Though the best way to learn any language is just to read and listen to it a lot and absorb all the patterns (and then to practice it, eg. writing stuff on pointless message boards:)).
al111 13 | 89
3 Jun 2011 #8
I think this comes down to the fact that English is not Related to Polish in any way they come from different families. The Germanic and Western Slavic Languages.I learnt from Polish speakers and discovered that the vocabulary is quite limited that one word in Polish might have many different meanings in english. However it's also important to know what the word is being used for, skakać generally means to jump but to leap (as a verb) in english meaning to jump either high or a long way is still considered as to jump in polish although sometimes but (i guess not all the time) u can use przeskakiwać if you want to specify though, but to many polish people it's still to jump.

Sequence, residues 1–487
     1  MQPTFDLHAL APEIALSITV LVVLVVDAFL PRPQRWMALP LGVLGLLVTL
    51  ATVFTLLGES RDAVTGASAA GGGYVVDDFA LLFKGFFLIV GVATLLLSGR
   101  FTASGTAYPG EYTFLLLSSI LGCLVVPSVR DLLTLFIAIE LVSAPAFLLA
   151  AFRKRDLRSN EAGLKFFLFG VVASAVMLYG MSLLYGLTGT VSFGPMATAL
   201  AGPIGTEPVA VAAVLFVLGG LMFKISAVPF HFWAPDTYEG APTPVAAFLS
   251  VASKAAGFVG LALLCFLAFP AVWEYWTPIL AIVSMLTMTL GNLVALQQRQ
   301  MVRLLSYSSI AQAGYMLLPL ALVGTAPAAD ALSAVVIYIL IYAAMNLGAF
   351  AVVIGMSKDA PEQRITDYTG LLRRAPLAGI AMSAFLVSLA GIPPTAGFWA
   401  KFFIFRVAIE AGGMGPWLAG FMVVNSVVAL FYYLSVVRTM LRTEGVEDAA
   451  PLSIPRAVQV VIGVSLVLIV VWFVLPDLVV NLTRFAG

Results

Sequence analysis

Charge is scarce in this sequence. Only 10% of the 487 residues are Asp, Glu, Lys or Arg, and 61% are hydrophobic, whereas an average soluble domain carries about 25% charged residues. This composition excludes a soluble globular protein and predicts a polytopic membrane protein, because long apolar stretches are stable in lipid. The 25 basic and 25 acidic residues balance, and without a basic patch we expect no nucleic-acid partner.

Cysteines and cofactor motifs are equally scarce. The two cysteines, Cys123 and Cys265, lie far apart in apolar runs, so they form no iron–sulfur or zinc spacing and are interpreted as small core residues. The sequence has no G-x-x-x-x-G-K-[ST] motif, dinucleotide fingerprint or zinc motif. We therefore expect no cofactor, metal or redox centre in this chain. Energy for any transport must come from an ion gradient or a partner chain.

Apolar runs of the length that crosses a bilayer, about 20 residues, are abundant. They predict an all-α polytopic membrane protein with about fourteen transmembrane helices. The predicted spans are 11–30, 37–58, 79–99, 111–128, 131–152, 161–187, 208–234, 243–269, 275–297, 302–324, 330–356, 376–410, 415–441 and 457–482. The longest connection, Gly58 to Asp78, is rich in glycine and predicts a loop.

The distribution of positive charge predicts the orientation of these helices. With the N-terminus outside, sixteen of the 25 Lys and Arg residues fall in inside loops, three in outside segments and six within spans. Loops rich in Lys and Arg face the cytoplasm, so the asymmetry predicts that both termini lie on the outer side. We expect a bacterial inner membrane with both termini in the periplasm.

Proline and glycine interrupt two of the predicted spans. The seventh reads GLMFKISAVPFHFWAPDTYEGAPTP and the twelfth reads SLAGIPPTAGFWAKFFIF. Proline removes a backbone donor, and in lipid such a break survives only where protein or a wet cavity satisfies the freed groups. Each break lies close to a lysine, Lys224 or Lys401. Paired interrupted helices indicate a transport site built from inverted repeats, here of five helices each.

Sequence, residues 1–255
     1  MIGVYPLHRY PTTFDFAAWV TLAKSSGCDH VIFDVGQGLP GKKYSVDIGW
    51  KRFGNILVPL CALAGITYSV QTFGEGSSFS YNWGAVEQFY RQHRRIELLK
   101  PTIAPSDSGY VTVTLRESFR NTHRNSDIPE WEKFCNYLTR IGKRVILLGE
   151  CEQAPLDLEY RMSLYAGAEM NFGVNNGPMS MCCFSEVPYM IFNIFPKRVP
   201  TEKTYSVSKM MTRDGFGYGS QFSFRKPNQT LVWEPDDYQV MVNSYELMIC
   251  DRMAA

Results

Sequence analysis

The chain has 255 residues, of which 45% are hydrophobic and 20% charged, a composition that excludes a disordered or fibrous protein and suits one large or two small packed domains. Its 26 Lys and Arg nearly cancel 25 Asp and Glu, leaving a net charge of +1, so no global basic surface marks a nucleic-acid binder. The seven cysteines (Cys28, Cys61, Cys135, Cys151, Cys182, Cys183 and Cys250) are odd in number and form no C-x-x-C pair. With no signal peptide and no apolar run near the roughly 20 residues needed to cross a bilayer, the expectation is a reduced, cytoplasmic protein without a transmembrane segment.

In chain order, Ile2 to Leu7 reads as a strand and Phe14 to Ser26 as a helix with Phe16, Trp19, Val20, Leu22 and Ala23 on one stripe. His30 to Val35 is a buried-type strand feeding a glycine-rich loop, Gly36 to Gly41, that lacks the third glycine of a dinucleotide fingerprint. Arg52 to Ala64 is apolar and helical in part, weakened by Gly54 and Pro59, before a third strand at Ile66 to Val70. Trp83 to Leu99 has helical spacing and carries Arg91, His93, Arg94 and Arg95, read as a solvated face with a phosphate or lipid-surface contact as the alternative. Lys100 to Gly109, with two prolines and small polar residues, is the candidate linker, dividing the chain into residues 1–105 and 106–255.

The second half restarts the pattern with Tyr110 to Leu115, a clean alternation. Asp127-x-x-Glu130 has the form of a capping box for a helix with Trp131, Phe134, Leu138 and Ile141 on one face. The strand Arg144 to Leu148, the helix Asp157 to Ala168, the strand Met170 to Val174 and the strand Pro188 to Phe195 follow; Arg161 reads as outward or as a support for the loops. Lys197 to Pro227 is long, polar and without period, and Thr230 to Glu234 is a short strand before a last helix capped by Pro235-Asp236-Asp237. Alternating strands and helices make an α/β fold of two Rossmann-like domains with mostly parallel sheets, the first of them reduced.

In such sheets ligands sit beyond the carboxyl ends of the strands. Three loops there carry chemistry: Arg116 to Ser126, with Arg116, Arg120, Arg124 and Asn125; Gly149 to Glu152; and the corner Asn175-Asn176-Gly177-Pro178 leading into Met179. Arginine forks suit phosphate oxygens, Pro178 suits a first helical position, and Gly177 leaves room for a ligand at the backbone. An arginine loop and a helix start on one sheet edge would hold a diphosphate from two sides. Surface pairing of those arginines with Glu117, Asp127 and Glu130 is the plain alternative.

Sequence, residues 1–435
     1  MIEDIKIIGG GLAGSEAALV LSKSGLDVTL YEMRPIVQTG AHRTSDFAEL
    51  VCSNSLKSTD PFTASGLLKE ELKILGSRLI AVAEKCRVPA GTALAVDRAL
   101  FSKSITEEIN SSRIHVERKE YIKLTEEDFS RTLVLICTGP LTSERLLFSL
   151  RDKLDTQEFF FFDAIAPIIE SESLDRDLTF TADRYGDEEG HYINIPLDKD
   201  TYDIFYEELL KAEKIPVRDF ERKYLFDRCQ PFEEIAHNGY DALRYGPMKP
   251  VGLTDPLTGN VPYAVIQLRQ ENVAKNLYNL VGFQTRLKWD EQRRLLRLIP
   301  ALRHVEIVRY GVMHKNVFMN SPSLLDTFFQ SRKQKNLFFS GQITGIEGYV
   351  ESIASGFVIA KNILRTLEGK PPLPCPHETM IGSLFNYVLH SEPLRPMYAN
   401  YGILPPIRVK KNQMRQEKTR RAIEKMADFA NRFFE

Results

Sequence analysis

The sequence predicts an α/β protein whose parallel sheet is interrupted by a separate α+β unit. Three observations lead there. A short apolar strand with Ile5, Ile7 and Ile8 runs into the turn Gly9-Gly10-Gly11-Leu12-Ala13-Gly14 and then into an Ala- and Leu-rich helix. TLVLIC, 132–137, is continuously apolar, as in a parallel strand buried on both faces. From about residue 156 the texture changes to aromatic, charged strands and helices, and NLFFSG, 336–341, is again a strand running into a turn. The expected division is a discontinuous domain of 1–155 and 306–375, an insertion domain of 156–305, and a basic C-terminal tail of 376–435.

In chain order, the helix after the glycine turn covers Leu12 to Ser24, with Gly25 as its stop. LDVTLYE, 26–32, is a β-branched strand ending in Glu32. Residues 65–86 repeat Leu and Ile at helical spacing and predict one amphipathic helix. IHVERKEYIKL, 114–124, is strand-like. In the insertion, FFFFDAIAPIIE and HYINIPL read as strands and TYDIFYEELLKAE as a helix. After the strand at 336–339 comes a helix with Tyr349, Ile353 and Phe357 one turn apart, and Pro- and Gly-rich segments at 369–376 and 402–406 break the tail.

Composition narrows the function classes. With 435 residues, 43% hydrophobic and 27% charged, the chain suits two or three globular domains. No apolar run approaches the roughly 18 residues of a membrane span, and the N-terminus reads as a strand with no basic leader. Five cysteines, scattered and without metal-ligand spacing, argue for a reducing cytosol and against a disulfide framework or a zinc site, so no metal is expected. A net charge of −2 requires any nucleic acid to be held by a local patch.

Koala 1 | 332
3 Jun 2011 #9
I learnt from Polish speakers and discovered that the vocabulary is quite limited that one word in Polish might have many different meanings in english

Well the reverse is also the case:
(to) match - łączyć
match - zapałka
match - mecz

to know - wiedzieć
to know - znać
etc.
OTOH:
zamek - zip
zamek - castle
Context is the king in such cases. Ambiguity comes either from not knowing the context or insufficient knowledge of the language.
gumishu 11 | 5,016
3 Jun 2011 #10
if Polish language is so poor why it is so difficult to translate such things as 'Pan Tadeusz' into English mate
Lyzko
3 Jun 2011 #11
Whilst English and Polish are from unrelated language groups, that's true, they DO of course belong to the same family; the Indo-European! Therefore, Polish is that much closer in relation even to a Germanic tongue, than, say Hungarian etc...